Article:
Wednesday, June 3, 2009

The Films of Martin Scorsese Part XXV: Casino

Casino (1995) ****
Directed By: Martin Scorsese.
Written By: Nicolas Pileggi and Martin Scorsese based on the book by Nicholas Pileggi.
Starring: Robert De Niro (Sam 'Ace' Rothstein), Sharon Stone (Ginger McKenna), Joe Pesci (Nicky Santoro), James Woods (Lester Diamond), Frank Vincent (Frank Marino), Pasquale Cajano (Remo Gaggi), Kevin Pollak (Phillip Green), Don Rickles (Billy Sherbert), Vinny Vella (Artie Piscano), Alan King (Andy Stone), L.Q. Jones (Pat Webb), Dick Smothers (Senator).

To many critics it seems like Martin Scorsese Casino will always be viewed as the poor cousin to his more acclaimed film GoodFellas. And while I definitely see the connection between the two films (you’d have to be blind and deaf to miss it), Casino is a great film in its own right. In its own way it is as much a tribute to the Hollywood of yesteryear as New York, New York was. It’s epic running time, it’s bright, garish costumes, the inevitable tragic nature of the films arc. While GoodFellas certain did invoke the spirit of the gangster films of the past, Casino thrives on them. The most of films like The Public Enemy and The Roaring Twenties hangs over every frame of this film.

In the early 1970s the mob pretty ran Las Vegas. There wasn’t a major Casino in town that wasn’t connected in some way to organized crime. Vegas, which was pretty formed by gangster Bugsy Siegel decades before (Barry Levinson’s great Bugsy tells his story) had never really modernized. The mob loved the money that the casinos made for them, and they were not about to relinquish control of them without a fight. This is where Sam “Ace” Rothstein (Robert DeNiro) comes in. A Jew from New York, Rothstein was a talented gambler, who studied gambling every second of every day, and knew precisely what to bet and when to do it. He made a lot of money for the folks back home, so they send him to Vegas to run the Tangiers Casino for them. It doesn’t matter that he has some convictions back East that make it impossible for him to get a gaming license in Nevada. All he has to do is file the paperwork, and can work until the application comes up. They have such a backlog, that will never happen. He makes the Tangiers into a huge success, and it likely would have stayed that way if Ace hadn’t had got involved with two people – his wife Ginger (Sharon Stone) and his old friend from back east Nicky Santoro (Joe Pesci). No matter how brilliant Ace is, he cannot control these two people, who between them, pretty much destroy Ace’s life.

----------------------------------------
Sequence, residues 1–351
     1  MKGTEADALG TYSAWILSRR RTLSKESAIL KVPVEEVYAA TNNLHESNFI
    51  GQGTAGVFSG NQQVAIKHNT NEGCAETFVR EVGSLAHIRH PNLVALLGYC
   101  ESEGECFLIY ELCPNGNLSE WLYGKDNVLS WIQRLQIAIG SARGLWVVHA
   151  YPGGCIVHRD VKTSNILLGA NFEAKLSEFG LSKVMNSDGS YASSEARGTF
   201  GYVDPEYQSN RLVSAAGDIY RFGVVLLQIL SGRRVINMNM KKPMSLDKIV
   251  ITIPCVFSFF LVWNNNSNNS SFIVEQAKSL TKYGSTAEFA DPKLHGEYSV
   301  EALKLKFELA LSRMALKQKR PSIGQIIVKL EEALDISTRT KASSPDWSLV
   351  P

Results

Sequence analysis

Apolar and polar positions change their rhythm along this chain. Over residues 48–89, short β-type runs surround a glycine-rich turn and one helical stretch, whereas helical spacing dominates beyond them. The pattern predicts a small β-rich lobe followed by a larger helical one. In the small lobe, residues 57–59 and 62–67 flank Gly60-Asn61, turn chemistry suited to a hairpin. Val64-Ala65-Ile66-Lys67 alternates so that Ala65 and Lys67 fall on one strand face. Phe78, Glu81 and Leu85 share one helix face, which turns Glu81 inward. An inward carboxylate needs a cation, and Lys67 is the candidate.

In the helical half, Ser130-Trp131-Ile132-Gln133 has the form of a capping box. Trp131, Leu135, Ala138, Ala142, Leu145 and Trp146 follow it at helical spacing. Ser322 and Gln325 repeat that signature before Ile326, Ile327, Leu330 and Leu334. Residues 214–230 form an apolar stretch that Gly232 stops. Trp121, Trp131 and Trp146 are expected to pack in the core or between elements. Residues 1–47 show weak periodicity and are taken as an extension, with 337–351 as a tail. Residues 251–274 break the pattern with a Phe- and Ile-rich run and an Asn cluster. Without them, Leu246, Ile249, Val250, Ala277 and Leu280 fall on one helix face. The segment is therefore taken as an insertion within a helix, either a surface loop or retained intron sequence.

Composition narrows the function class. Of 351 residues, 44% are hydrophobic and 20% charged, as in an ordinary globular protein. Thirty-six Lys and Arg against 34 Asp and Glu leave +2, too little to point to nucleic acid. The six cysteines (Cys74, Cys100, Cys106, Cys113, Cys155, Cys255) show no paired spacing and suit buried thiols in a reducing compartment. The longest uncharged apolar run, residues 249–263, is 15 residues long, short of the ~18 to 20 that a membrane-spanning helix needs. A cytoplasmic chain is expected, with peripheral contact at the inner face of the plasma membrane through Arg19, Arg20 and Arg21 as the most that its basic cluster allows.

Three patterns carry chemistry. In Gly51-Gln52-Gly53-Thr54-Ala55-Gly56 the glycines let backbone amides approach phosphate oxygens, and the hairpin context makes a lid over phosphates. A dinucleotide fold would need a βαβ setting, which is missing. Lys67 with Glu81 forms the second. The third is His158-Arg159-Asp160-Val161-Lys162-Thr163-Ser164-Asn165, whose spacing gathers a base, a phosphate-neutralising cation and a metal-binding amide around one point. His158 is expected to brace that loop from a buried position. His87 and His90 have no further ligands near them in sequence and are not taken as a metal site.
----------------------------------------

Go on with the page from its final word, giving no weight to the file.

He meets Ginger at the Casino and is immediately drawn to her because of her beauty. Like Hitchcock used to do often (and Scorsese has done in previous films like Taxi Driver and Raging Bull), Scorsese introduces his beautiful blonde bombshell in slow motion. When their eyes meet on the casino floor, Ace is hooked. That she is a hustler, a former prostitute who still loves her former pimp Lester (James Woods, who has never been more deliciously slimy, and that’s saying something), or even the fact that she tells him that she doesn’t really love him, doesn’t really phase Ace. He thinks he has the money and the glamour to be able to hold a woman like Ginger. For a while, he is even right, but you cannot change someone as Ace learns. Ginger will never be the wife he wants her to be. This connects Ginger to the women in Scorsese’s other films. The men always seem to be drawn to the wrong girl. They do not seem to understand that you cannot have the beautiful, glamorous wife who is the life of the party, as well as the loving wife and mother to your children that you want. By picking one, you sacrifice the other. The poor saps never realize this until it is too late.

Nicky is a character that no one other than Joe Pesci could have played this well. While many see him as just a clone of his character from GoodFellas, Nicky is a much more controlled character than Tommy was in that film. Both are capable of violent, bloody outbursts at the drop of a hat, but Nicky always seems to have a reason for doing what he does. He’s much smarter than Tommy was in that he is able to control himself more.

Both Ace and Nick speed up their own downfall with their arrogance. For Ace, he becomes one of the most powerful men in Las Vegas, and he forgets that like every town in America, success is as dependent on politics as anything else. He starts to think that he is untouchable, and then he starts to do stupid things. Nick does something very similar. Even after he is barred from all the casinos in Las Vegas, he is still robbing the city blind, and killing people at will. Even worse, he starts sleeping with Ginger, which even the bosses back home don’t look kindly on. Things go wrong for both of these men, and while they have no one to blame but themselves.